Newton Hunter, a defence blogger with a particular interest in post-Cold War arms reduction, thinks it might also go a long way to explaining why the British themselves are largely unfamiliar with the work.

"Compared with Nunn-Lugar – which let’s face it, everybody’s heard about – [the] UK really has kept its light under the proverbial bushel on this, but it was a difficult one even before the recent financial crash," he says. "Knowing all about successive waves of British defence cuts and spending reviews will have given the British a real understanding of what it’s like to be on the sharp-end – but that’s probably not something you’re going to publicise."

Supporting Russia – a hard sell to tax-payers

Chalmers broadly echoes the point. "I think British threat reduction work is actually quite hard to sell to the general public."

He says that even when the UK was contributing to relatively high-profile projects, tax-payers may have found it hard to appreciate why so much of their money was being spent to help Russia fix relatively esoteric – and entirely self-made – threats, especially since by the 2000s, Russia was actually fairly well-off, and in possession of a massive sovereign wealth fund itself.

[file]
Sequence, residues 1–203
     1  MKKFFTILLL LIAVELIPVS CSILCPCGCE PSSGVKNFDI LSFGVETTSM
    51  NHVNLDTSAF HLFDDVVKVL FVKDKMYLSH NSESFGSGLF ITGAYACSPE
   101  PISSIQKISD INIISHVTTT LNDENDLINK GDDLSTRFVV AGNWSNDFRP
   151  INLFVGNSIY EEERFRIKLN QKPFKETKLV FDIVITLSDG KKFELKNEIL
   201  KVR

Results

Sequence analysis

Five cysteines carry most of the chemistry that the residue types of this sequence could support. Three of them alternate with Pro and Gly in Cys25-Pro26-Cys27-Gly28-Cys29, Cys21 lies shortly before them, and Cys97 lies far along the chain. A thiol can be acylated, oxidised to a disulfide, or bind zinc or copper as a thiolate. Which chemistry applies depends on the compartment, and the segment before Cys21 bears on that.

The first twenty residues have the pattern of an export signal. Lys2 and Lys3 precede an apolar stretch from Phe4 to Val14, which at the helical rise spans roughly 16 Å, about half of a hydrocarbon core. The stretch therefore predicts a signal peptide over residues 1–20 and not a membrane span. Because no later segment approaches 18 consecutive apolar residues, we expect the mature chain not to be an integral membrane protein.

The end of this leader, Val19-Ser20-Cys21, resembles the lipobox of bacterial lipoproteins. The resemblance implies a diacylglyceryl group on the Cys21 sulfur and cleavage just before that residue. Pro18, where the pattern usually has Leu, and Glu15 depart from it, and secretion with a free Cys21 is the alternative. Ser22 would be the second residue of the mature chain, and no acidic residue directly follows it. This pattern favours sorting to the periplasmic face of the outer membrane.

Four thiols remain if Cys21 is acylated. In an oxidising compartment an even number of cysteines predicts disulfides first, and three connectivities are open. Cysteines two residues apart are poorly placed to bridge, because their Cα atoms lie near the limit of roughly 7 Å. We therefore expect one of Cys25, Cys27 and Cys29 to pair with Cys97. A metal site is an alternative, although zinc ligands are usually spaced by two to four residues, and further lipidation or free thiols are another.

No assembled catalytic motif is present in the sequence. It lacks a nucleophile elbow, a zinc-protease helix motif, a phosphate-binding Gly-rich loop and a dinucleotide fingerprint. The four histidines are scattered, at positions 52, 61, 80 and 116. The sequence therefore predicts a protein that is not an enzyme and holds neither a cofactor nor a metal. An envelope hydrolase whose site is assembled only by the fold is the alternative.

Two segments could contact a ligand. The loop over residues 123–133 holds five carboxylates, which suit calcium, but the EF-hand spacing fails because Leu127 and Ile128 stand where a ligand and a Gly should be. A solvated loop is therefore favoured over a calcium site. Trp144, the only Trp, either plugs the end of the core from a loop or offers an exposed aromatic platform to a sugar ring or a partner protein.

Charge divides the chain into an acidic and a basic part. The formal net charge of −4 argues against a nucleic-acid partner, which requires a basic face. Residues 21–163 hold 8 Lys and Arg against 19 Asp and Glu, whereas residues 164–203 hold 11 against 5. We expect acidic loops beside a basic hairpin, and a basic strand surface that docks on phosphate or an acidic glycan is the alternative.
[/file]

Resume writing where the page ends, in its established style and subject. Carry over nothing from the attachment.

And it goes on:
"Convincing the general public that decaying nuclear submarines in the Arctic circle was something to be concerned about may not have been easy."

It probably remains the case today; funding projects to provide gainful employment for former nuclear and biological weapons scientists might still not be particularly well received, especially given the current economic situation at home. "Although British contributions to the IAEA [International Atomic Energy Agency] Nuclear Security Fund and the European Bank for Reconstruction and Development help towards significant projects, it is challenging to keep ‘UK Plc’ branding on the resulting work."

2013/14 Counter Proliferation Programme bids

The UK’s involvement continues, nevertheless, with calls for bids for the 2013/14 round of Counter Proliferation Programme finance recently being announced.

What kind of work that – and other UK initiatives – will ultimately fund remains to be seen, but it seems unlikely that high-tech, high-capital projects, such as dismantling submarines, or destroying chemical weapons, will feature as highly as they have done.

With the political and financial realities so changed for both countries, now may be the right time, Chalmers suggests, to focus British efforts on capacity-building, training and the like, and strengthen the human side of disarmament.